J Balvin’s Iconic Lollapalooza Performance Provided Brief Respite for Latinxs During Trying Times

Lead Photo: Photo By Greg Noire courtesy Lollapalooza
Photo By Greg Noire courtesy Lollapalooza
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Buenos días, buenos días, buenos díassss (José Álvaro Osorio Balvín voice). This past weekend generated a slew of bad news that served as a searing reminder of the hate Latinxs face in the United States, making it an especially difficult one to find joy, or grant oneself permission to find joy at least. It often feels odd covering and/or working in the music industry during times like these because our contributions can feel trivial, but it’s often when it’s needed most. Music, including el genero urbano—once deemed a “triggering factor for criminal acts”—has proven to be unifying and healing, rendered positively combative in bringing about change. All that to say, you too may have missed the fact that Colombian reggaetonero made history pa’ la cultura on Saturday.

In continuing with a year of firsts, J Balvin became the first Latino headliner at Lollapalooza in its 28 year history. How the music festival avoided doing so prior beats me, but this is hopefully the first of many. Earlier this year, Balvin was also the first reggaetonero to perform on SNL, and first reggaeton act to grace the main stage at Coachella. The 34-year-old’s visionary nature is undeniable and though he could have used this moment to bring out predictable guests like Rosalía or Sean Paul, who may appeal to those beyond the Latinx diaspora as they’ve fed off of the genre’s boundless reach, he brought out the duo’s Wisin y Yandel to play timeless hits like “Rakata,” and “Gasolina.”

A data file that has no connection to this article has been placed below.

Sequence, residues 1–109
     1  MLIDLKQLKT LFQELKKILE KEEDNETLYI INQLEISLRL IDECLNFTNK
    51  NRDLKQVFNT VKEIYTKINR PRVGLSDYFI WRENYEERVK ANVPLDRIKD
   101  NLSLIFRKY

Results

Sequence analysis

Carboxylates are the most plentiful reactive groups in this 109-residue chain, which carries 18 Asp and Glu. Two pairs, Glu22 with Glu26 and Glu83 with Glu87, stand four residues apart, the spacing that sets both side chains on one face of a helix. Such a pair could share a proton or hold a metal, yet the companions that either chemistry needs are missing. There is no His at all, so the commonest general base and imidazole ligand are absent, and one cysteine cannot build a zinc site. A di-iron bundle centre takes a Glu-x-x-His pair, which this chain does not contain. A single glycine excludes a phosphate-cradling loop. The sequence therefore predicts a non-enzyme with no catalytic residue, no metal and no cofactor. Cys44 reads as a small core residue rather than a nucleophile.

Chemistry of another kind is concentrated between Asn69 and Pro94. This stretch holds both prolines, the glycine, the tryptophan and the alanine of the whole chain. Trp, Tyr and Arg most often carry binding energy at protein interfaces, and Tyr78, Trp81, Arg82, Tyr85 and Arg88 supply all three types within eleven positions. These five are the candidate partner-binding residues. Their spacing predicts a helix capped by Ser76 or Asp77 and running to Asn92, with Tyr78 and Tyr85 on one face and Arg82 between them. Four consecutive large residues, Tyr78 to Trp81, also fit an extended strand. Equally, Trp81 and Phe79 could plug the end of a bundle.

Simply iconic. As Balvin proves he’s worthy of the label, I’m reminded of when he told Complex last fall that he recognizes the great responsibility that is. “I have so many icons, so many people who inspire me, so I try to take the best from each of them and put it into practice.” This isn’t the first time the Oasis singer honors those who came before, most notably giving a tear-jerking speech in presenting Daddy Yankee with the Lifetime Achievement Award at Premios Lo Nuestro, and shouting out several of his Puerto Rican inspirations in “Reggaeton.” With new Anglo management and a feeling of arrival, yet expected continued relevance, it will be interesting to see what Balvin does next.